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Title: Enabling adoption of 2D-NMR for the higher order structure assessment of monoclonal antibody therapeutics

Abstract

The increased interest in using monoclonal antibodies (mAbs) as a platform for biopharmaceuticals has led to the need for new analytical techniques that can precisely assess physicochemical properties of these large and very complex drugs for the purpose of correctly identifying quality attributes (QA). One QA, higher order structure (HOS), is unique to biopharmaceuticals and essential for establishing consistency in biopharmaceutical manufacturing, detecting process-related variations from manufacturing changes and establishing comparability between biologic products. To address this measurement challenge, two-dimensional nuclear magnetic resonance spectroscopy (2D-NMR) methods were introduced that allow for the precise atomic-level comparison of the HOS between two proteins, including mAbs. Here, an inter-laboratory comparison involving 26 industrial, government and academic laboratories worldwide was performed as a benchmark using the NISTmAb, from the National Institute of Standards and Technology (NIST), to facilitate the translation of the 2D-NMR method into routine use for biopharmaceutical product development. Two-dimensional 1H,15N and 1H,13C NMR spectra were acquired with harmonized experimental protocols on the unlabeled Fab domain and a uniformly enriched-15N, 20%-13C-enriched system suitability sample derived from the NISTmAb. Chemometric analyses from over 400 spectral maps acquired on 39 different NMR spectrometers ranging from 500 MHz to 900 MHz demonstrate spectral fingerprints thatmore » are fit-for-purpose for the assessment of HOS. The 2D-NMR method is shown to provide the measurement reliability needed to move the technique from an emerging technology to a harmonized, routine measurement that can be generally applied with great confidence to high precision assessments of the HOS of mAb-based biotherapeutics.« less

Authors:
 [1];  [1];  [1]; ORCiD logo [1];  [2];  [2];  [3]; ORCiD logo [3]; ORCiD logo [3];  [4]; ORCiD logo [4]; ORCiD logo [4];  [5];  [5];  [6]; ORCiD logo [7];  [7];  [8];  [9]; ORCiD logo [9] more »; ORCiD logo [9];  [10];  [10];  [11];  [11]; ORCiD logo [12];  [13]; ORCiD logo [14]; ORCiD logo [14]; ORCiD logo [15];  [15];  [16];  [17]; ORCiD logo [18]; ORCiD logo [18]; ORCiD logo [18];  [19];  [19];  [20]; ORCiD logo [20];  [21];  [22];  [23];  [24];  [25]; ORCiD logo [26]; ORCiD logo [26];  [27];  [27] « less
  1. National Institute of Standards and Technology and the University of Maryland, Rockville, MD (United States)
  2. National Inst. of Standards and Technology (NIST), Gaithersburg, MD (United States)
  3. Centre for Biologics Evaluation, Ottawa, ON (Canada)
  4. Univ. of Queensland, St. Lucia, QLD (Australia)
  5. Univ. of Melbourne (Australia)
  6. Univ. of Bayreuth (Germany)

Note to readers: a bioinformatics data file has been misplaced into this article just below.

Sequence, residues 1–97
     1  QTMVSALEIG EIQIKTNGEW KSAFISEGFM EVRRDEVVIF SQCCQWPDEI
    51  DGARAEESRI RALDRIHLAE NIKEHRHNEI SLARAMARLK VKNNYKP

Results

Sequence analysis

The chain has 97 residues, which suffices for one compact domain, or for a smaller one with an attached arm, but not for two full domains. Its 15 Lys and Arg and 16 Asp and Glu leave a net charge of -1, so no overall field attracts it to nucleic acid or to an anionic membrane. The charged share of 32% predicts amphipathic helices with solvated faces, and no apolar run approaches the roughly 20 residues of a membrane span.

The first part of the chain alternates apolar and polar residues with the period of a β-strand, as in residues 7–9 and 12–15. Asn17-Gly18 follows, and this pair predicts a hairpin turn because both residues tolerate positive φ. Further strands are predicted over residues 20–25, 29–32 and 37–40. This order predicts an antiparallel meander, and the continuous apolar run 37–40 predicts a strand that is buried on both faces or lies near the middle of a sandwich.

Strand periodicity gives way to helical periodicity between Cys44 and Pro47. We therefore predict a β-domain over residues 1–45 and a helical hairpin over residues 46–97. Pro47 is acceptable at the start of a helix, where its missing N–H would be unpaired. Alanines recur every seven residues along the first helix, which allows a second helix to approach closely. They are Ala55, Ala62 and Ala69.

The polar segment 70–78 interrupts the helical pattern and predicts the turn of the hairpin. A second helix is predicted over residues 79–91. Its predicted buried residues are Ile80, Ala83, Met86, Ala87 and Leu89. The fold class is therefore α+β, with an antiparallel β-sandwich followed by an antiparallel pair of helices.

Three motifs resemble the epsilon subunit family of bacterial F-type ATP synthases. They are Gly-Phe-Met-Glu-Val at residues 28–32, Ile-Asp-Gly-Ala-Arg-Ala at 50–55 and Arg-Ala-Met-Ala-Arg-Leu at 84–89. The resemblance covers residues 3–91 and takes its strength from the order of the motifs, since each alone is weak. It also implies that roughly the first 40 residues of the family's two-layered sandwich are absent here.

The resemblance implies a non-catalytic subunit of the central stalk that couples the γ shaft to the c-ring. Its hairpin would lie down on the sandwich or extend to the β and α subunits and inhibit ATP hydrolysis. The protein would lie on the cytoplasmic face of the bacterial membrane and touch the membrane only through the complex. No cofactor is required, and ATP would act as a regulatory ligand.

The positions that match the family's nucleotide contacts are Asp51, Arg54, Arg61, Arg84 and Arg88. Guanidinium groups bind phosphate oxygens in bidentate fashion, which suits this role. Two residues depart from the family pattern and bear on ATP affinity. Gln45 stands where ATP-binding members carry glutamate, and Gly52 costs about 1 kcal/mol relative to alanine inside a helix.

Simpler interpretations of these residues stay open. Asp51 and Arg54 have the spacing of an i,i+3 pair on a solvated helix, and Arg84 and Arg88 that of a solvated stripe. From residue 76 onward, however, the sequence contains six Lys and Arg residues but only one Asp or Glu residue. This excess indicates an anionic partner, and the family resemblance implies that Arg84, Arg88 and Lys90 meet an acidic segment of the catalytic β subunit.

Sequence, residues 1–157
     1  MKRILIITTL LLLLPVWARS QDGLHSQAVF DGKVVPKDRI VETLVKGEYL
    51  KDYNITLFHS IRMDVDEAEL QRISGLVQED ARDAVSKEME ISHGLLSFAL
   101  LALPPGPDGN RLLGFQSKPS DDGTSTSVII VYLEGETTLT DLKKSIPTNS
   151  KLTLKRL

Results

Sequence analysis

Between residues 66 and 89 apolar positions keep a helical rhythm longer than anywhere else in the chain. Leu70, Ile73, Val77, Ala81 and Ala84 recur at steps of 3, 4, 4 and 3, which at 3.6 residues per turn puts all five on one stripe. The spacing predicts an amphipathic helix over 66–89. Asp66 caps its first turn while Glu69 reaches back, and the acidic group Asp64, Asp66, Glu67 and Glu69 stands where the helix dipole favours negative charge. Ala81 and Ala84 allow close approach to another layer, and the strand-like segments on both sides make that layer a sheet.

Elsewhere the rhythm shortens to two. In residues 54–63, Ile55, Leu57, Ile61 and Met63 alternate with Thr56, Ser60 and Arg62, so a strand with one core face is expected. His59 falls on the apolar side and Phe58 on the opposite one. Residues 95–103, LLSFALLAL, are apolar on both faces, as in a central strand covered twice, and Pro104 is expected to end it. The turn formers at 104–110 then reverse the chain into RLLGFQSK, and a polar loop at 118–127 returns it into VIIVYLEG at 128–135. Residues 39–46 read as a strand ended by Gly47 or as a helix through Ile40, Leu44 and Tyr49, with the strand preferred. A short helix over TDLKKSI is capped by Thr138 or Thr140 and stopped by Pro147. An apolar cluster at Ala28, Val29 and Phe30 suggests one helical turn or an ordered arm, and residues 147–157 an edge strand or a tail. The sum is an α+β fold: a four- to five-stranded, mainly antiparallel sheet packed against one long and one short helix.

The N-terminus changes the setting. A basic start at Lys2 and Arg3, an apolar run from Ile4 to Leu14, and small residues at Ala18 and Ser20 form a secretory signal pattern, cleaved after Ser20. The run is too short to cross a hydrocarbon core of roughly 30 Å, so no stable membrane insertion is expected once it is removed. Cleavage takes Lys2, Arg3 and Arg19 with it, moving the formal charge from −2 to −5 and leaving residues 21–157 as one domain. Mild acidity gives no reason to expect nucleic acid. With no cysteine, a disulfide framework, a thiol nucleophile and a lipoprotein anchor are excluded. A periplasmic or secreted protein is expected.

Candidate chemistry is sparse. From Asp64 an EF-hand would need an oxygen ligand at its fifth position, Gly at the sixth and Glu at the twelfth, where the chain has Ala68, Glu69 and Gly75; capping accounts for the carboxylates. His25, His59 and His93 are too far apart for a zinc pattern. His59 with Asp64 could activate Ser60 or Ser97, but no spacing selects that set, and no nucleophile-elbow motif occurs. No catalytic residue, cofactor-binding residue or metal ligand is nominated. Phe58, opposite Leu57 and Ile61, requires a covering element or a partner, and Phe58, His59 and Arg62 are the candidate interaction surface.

7. Stockholm Univ. (Sweden)
  8. Analytical R&D, Pfizer Essential Health, Lake Forest, IL (United States)
  9. Pacific Northwest National Lab. (PNNL), Richland, WA (United States)
  10. National Research Council of Canada, Montreal, Quebec (Canada)
  11. National Institutes of Natural Sciences, Myodaiji, Okazaki (Japan)
  12. Univ. of South Carolina, Charleston, SC (United States)
  13. Momenta Pharmaceuticals, Cambridge, MA (United States)
  14. Swedish Medical Products Agency, Laboratory, Uppsala (Sweden)
  15. Leibniz-Forschungsinstitut für Molekulare Pharmakologie (FMP), Berlin (Germany)
  16. Roche Innovation Center Basel (Switzerland)
  17. Genentech, South San Francisco, CA (United States)
  18. Center for Drug Evaluation and Research, Food and Drug Administration, MD (United States)
  19. Institute of Molecular Biology and Biophysics, ETH Zurich (Switzerland)
  20. NMR Centre, Ljubljana (Slovenia)
  21. Eli Lilly and Company, Indianapolis, IN (United States)
  22. Bruker BioSpin Corporation, Billerica, MA (United States)
  23. Brazilian Biosciences National Laboratory (LNBio), Brazilian Center for Research in Energy and Materials (CNPEM), Campinas (Brazil)
  24. Brazilian Synchrotron Light Laboratory (LNLS), Brazilian Center for Research in Energy and Materials (CNPEM), Campinas (Brazil)
  25. Biogen Inc., Cambridge, MA (United States)
  26. Baxter Pharmaceuticals R&D, Baxter Healthcare, Round Lake, IL (United States)
  27. Amgen Inc., Thousand Oaks, CA (United States)
Publication Date:
Research Org.:
Pacific Northwest National Lab. (PNNL), Richland, WA (United States)
Sponsoring Org.:
USDOE
OSTI Identifier:
1545065
Report Number(s):
PNNL-SA-131540
Journal ID: ISSN 1942-0862
Grant/Contract Number:  
AC05-76RL01830
Resource Type:
Accepted Manuscript
Journal Name:
mAbs
Additional Journal Information:
Journal Volume: 11; Journal Issue: 1; Journal ID: ISSN 1942-0862
Publisher:
Taylor & Francis
Country of Publication:
United States
Language:
English
Subject:
59 BASIC BIOLOGICAL SCIENCES; 37 INORGANIC, ORGANIC, PHYSICAL, AND ANALYTICAL CHEMISTRY; monoclonal antibody (mAb) therapeutics; NISTmAb; higher order structure; nuclear magnetic resonance spectroscopy (NMR); comparability; chemometrics

Citation Formats

Brinson, Robert G., Marino, John P., Delaglio, Frank, Arbogast, Luke W., Evans, Ryan M., Kearsley, Anthony, Gingras, Geneviève, Ghasriani, Houman, Aubin, Yves, Pierens, Gregory K., Jia, Xinying, Mobli, Mehdi, Grant, Hamish G., Keizer, David W., Schweimer, Kristian, Ståhle, Jonas, Widmalm, Göran, Zartler, Edward R., Lawrence, Chad W., Reardon, Patrick N., Cort, John R., Xu, Ping, Ni, Feng, Yanaka, Saeko, Kato, Koichi, Parnham, Stuart R., Tsao, Desiree, Blomgren, Andreas, Rundlöf, Torgny, Trieloff, Nils, Schmieder, Peter, Ross, Alfred, Skidmore, Ken, Chen, Kang, Keire, David, Freedberg, Darón I., Suter-Stahel, Thea, Wider, Gerhard, Ilc, Gregor, Plavec, Janez, Bradley, Scott A., Baldisseri, Donna M., Sforça, Mauricio Luis, Zeri, Ana Carolina de Mattos, Wei, Julie Yu, Szabo, Christina M., Amezcua, Carlos A., Jordan, John B., and Wikström, Mats. Enabling adoption of 2D-NMR for the higher order structure assessment of monoclonal antibody therapeutics. United States: N. p., 2018. Web. doi:10.1080/19420862.2018.1544454.